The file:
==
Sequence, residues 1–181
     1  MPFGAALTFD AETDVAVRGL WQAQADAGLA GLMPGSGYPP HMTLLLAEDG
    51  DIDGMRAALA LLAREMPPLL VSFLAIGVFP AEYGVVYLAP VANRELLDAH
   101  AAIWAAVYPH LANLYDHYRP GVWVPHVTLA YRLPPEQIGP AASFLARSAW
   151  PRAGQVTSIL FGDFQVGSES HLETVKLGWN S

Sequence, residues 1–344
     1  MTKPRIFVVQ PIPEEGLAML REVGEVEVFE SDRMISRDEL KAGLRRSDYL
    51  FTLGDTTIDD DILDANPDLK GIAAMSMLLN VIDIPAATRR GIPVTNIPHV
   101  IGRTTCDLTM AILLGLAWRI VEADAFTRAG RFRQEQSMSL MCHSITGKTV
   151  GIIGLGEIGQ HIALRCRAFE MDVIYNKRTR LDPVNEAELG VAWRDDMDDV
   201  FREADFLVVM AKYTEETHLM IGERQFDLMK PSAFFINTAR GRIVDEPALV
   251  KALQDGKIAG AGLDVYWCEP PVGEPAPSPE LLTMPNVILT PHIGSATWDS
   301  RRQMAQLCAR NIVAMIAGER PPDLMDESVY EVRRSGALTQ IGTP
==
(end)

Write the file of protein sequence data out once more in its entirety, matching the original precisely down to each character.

Sequence, residues 1–181
     1  MPFGAALTFD AETDVAVRGL WQAQADAGLA GLMPGSGYPP HMTLLLAEDG
    51  DIDGMRAALA LLAREMPPLL VSFLAIGVFP AEYGVVYLAP VANRELLDAH
   101  AAIWAAVYPH LANLYDHYRP GVWVPHVTLA YRLPPEQIGP AASFLARSAW
   151  PRAGQVTSIL FGDFQVGSES HLETVKLGWN S

Sequence, residues 1–344
     1  MTKPRIFVVQ PIPEEGLAML REVGEVEVFE SDRMISRDEL KAGLRRSDYL
    51  FTLGDTTIDD DILDANPDLK GIAAMSMLLN VIDIPAATRR GIPVTNIPHV
   101  IGRTTCDLTM AILLGLAWRI VEADAFTRAG RFRQEQSMSL MCHSITGKTV
   151  GIIGLGEIGQ HIALRCRAFE MDVIYNKRTR LDPVNEAELG VAWRDDMDDV
   201  FREADFLVVM AKYTEETHLM IGERQFDLMK PSAFFINTAR GRIVDEPALV
   251  KALQDGKIAG AGLDVYWCEP PVGEPAPSPE LLTMPNVILT PHIGSATWDS
   301  RRQMAQLCAR NIVAMIAGER PPDLMDESVY EVRRSGALTQ IGTP